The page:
FAA Updates Cold Weather Altimetry List

Some previously affected airports have been removed.

One topic that sometimes receives scant attention during flight training is the effect of temperature on a pilot’s ability to understand just how much air separates them from the ground. Aircraft altimeters don’t operate normally when subjected to extremely cold temperatures. In cold regions of the globe, failure to compensate for extreme cold can induce significant errors in the indicated altitude, errors that can prove fatal during instrument flight.

In the U.S., the FAA publishes a list of airports where altimeter corrections must be considered when temperatures plummet and includes airports not just in Alaska, but some in California, Massachusetts, Minnesota, Idaho, Wisconsin and others.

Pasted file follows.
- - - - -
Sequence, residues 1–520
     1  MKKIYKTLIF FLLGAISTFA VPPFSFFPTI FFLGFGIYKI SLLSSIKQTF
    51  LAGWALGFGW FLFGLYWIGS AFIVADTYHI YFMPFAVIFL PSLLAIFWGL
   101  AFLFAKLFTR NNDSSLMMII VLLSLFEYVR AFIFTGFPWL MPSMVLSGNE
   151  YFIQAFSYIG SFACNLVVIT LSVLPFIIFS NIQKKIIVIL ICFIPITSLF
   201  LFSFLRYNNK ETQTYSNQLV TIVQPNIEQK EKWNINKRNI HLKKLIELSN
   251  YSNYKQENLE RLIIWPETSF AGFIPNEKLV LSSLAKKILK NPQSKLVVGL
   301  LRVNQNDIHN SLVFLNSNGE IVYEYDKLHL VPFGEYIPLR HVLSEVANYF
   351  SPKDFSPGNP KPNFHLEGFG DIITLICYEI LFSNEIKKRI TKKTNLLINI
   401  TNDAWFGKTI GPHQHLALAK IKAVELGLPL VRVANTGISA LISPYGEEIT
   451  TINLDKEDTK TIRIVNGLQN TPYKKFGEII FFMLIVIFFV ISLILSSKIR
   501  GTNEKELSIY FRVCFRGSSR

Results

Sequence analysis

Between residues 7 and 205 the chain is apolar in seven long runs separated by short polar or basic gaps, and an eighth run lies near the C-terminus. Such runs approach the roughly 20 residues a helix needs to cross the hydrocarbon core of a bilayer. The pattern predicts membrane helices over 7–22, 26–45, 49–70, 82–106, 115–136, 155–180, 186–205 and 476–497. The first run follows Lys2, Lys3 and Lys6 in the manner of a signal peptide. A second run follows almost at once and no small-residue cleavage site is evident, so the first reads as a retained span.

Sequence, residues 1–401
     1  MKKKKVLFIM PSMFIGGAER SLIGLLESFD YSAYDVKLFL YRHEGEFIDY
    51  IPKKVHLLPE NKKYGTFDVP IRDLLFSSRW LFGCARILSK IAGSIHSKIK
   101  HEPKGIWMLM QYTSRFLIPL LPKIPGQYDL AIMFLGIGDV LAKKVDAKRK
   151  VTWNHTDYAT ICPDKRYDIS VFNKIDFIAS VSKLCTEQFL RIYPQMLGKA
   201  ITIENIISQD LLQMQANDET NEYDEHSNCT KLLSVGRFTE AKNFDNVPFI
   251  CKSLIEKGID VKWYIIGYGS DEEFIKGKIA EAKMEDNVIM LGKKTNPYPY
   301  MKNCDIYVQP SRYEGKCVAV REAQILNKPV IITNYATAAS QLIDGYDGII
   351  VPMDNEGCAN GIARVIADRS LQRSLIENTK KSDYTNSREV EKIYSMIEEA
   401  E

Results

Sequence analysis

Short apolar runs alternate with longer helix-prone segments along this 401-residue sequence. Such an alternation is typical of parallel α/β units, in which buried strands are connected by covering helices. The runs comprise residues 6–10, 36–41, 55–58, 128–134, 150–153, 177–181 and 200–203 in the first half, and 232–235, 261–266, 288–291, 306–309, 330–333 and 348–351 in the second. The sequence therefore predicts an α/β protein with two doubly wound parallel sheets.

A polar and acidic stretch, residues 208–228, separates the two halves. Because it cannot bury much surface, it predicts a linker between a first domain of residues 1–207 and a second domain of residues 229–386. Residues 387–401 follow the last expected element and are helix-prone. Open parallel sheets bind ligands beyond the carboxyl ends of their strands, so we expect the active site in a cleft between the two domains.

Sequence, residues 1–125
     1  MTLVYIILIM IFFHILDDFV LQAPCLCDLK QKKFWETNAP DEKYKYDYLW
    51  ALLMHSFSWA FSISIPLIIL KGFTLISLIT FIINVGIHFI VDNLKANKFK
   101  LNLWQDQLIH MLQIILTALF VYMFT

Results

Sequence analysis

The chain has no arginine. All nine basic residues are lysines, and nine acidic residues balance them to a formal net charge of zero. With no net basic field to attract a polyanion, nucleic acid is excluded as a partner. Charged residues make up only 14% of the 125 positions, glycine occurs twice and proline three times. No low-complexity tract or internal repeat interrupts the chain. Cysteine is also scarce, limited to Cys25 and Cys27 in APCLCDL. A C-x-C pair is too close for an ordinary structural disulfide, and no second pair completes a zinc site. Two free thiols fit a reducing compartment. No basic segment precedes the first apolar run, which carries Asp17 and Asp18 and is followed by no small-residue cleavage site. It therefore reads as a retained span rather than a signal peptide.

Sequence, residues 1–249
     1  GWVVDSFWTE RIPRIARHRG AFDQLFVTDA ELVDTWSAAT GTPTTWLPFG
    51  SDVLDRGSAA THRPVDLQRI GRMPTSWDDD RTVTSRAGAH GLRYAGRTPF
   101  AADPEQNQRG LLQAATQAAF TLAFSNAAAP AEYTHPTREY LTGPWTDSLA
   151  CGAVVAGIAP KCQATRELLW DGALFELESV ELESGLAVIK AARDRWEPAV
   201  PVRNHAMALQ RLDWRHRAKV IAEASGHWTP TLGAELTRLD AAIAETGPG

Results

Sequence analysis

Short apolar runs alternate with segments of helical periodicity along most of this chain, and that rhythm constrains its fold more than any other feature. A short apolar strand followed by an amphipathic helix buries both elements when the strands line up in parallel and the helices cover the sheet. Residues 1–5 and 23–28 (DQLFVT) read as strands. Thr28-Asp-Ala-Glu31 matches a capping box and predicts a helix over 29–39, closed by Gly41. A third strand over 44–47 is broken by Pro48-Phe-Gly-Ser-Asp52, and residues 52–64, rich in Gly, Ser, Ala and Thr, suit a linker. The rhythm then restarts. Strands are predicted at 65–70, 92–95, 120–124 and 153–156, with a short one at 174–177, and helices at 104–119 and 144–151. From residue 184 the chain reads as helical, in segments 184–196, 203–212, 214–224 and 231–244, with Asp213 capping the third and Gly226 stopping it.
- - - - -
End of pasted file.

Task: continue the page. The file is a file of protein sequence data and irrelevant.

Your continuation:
Not only are pilots responsible for applying altitude corrections, but also for advising ATC when these corrections are made on any segment other than the final. ATC is not responsible for advising pilots that an altitude correction is required at a specific airport. Pilots flying internationally should also research how a particular country handles altimeter corrections when the temperature plummets in those areas.

The FAA recently announced the results of a risk analysis conducted to determine if any Part 97 instrument approach procedures pose a greater or reduced risk during cold temperature operations. The outcome led to the FAA to publish a Notice to Airman Publication (NTAP) providing pilots with a list of airports, the affected segments and procedures needed to correct published altitudes at the restricted temperatures. A number of previously listed airports have been removed.


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